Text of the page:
Pecan: This is the only native North American tree which has advanced to International prominence as a nut producer. The richly flavored kernels are a favorite as a raw / fresh product or in many kinds of baked goods. Pecan-pralines, cookies and especially pecan pies are well known items to most North Americans. The better known variety names of Pecan trees are Stuart, Schley Wichita, Shawnee, Mohawk, Mahan. Discriminating consumers will find that there are personal favorites in flavour and texture.
English Walnut: This species has several other names such as Persian, Carpathian, Manregian etc. and basically are all thin shelled walnuts of the species Juglans Regia. It is a well known nut throughout the world and is grown in quantity in areas such as China, India, Africa, Australia many European countries as well as North America. The trees do especially well in California and the products are widely exported. The kernels are sometimes consumed as a raw product but the biggest application is in baked goods where they appear universally wherever "nuts" are part of the ingredient list. Consumers may find preference among the variety names such as Hartley, Payne, Chandler, Spurgeon, Franquette.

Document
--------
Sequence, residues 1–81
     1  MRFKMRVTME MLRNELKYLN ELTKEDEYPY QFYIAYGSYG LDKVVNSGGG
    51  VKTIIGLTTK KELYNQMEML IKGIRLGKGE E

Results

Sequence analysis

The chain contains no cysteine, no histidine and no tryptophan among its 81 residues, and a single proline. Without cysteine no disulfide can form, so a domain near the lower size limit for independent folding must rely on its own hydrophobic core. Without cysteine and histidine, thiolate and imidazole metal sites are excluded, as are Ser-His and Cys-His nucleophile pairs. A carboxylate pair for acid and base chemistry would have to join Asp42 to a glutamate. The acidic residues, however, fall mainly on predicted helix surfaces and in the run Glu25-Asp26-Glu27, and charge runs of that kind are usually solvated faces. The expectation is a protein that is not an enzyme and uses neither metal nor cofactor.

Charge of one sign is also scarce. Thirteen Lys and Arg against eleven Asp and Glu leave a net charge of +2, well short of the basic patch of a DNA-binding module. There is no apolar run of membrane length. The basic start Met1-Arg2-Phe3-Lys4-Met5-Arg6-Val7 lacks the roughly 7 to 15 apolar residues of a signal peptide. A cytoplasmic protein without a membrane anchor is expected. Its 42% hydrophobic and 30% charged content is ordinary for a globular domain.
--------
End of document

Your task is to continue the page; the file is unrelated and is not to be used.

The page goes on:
Almonds: This species originated in the eastern Mediterranean areas where winters are rela- tively mild. California produces a huge tonnage of this product and is exported throughout the world. The different varieties of Almond have specialized uses from raw product to salted / candied forms as well as several formats for baked goods. The flavour of Almond is widely accepted and very few people exhibit allergenic reaction to this nut. Some of the key varieties that consumers will find in the market place are Non Pareil, Mission, Ne Plus Ultra, Peerless, and Merced.
Peanut: The nut, which is known around the world, comes from the ground rather than from a tree. There are many forms from Virginian to Spanish forms and some are known for their famous dark red skins. Peanuts are eaten raw, roasted, salted and roasted, blanched, in butters, candies, and all kinds of baked goods. The flavours vary from very mild to quite strong. The skins tend to have the strongest part of the flavour and therefore, the blanched presentations tend to have the mildest flavour. Peanuts are grown primarily in the Virginia/Carolina/Georgia areas of the United States and the products are widely exported. Ontario has a small growing area in the Simcoe Tobacco area as an alternative crop.
The Domestic Market Nuts